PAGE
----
Given a function gp in the L1-space and a non-uniform partition P=xNxN+1xN, with xN=xN, the function.


is the continuous Fourier transform of gp at xj. Having introduced the summation with weights χ1vj of Eq. (10), here we define two discrete Fourier transforms at p as


Now, the discrete derivative of the product eixpg at xj, with derivative eigenvalue ip, is readily computed to give (see Eq. (18)).


The summation of this equality, with weights χ1ipj, results in




According to Eqs. (10), (24), (47) and (48), this equality can be rewritten in terms of discrete Fourier transforms.


Another expression for the finite differences of the derivative of a function is obtained as follows. Considering the relationship (see Eq. (18), the second expression with g=eixp)


The summation of this equality, with weights χ1j, results in


and, according to Eq. (10), this equality can be rewritten as the discrete Fourier transform


These are the equivalent to the well-known identities found in continuous variables theory. Thus, the multiplication by p in forward p-space corresponds to the backward finite differences derivative in coordinate space. Additionally, the multiplication by p in backward p-space corresponds to the forward finite differences derivative in coordinate space, when choosing vanishing or periodic boundary conditions.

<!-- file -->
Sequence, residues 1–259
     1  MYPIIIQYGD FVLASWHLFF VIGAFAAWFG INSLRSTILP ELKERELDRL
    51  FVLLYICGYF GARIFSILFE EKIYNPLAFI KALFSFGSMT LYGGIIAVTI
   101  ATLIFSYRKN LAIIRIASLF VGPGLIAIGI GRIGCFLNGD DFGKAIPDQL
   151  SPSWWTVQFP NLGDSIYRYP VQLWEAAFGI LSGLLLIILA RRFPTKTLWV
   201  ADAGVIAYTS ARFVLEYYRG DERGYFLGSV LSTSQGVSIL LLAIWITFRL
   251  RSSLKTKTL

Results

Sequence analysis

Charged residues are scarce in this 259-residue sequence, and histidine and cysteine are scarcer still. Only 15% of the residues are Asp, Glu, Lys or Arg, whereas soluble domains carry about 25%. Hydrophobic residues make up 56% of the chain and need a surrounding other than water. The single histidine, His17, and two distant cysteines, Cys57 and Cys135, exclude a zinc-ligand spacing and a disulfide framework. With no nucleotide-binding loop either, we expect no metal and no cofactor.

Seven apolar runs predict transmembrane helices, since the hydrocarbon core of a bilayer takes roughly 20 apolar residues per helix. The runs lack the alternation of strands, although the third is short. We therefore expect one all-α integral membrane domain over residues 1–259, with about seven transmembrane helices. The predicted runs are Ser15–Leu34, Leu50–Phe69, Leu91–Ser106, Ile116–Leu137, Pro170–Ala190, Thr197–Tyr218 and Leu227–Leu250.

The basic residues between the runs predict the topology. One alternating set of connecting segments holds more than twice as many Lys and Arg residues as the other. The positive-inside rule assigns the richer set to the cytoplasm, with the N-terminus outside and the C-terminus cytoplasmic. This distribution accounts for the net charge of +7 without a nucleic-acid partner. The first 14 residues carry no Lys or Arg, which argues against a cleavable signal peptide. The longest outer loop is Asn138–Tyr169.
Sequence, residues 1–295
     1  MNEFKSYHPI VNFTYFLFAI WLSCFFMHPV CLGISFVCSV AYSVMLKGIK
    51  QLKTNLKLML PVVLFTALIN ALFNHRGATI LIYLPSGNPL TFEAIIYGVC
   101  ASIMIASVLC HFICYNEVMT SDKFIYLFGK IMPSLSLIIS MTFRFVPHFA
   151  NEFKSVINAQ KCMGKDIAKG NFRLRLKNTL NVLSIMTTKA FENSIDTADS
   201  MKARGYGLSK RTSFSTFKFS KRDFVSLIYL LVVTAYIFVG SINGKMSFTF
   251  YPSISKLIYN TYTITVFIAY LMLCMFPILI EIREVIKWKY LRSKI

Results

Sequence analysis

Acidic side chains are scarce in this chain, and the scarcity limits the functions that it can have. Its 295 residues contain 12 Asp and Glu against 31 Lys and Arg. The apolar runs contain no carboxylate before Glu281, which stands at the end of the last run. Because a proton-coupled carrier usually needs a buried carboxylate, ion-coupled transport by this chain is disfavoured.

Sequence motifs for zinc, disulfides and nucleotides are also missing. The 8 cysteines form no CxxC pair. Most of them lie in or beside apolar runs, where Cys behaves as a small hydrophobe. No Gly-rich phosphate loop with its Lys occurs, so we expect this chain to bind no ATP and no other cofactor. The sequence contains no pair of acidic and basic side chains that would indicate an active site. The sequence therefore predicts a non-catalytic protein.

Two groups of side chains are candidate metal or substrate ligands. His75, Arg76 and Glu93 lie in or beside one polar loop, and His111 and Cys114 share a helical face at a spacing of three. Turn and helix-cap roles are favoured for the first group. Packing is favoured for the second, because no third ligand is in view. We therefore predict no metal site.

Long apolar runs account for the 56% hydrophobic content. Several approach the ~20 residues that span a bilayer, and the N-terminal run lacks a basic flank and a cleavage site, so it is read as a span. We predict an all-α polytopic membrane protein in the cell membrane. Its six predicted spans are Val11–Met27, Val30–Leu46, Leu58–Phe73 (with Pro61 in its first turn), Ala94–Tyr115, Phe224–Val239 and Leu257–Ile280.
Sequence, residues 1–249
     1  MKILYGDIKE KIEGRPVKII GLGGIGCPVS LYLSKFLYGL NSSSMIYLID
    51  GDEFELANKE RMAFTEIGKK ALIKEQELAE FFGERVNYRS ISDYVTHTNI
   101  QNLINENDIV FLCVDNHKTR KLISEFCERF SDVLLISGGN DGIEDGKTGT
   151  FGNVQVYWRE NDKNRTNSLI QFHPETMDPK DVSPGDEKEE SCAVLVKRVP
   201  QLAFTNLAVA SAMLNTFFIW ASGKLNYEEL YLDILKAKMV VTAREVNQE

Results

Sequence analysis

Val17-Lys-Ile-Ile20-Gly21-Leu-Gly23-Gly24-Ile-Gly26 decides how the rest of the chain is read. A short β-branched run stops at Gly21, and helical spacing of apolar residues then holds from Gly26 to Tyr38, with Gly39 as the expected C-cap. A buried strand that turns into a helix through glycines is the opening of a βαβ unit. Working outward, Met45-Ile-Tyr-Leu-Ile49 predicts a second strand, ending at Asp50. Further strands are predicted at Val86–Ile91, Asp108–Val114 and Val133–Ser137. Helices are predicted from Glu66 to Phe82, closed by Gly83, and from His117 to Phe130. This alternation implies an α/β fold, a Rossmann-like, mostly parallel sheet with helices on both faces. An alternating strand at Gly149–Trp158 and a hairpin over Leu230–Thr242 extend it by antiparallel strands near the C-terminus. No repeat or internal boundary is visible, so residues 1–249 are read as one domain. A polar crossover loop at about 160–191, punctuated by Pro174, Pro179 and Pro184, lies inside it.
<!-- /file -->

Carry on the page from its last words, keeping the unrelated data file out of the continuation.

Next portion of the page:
The integration by parts of the simple relationship


results in


or in terms of continuous Fourier transforms,


These equalities are like the usual properties between the spaces related by the Fourier transform.


5. Quantum mechanical momentum and time operators

We can apply the results of previous sections to discrete Quantum Mechanics theory. Let us rewrite Eq. (26) in terms of complex wave functions ψ,ϕ2Pab defined on the partition P=x1x2xN of ab. We obtain


This equality is rewritten as


where the momentum-like operators P̂b and P̂f are defined as

P̂b iℏDb,P̂f iℏDf,E61

and the bilinear forms ψϕb and ψϕf are defined as

ψϕb j=1N1χ2vjψj+1ϕj+1,E62
ψϕf j=1N1χ1vjψjϕj.E63

We recognize Eqs. (60) and (61) as the finite differences versions of the equation that is used to define the adjoint operator and the symmetry of an operator in continuous Quantum Mechanics. Thus, we propose that the momentum-like operators P̂b and P̂f are the “adjoint” of each other, on a finite interval ab, when


together with the boundary condition on the wave functions ψ and ϕ,


where θ02π is an arbitrary phase. This gets rid of boundary terms.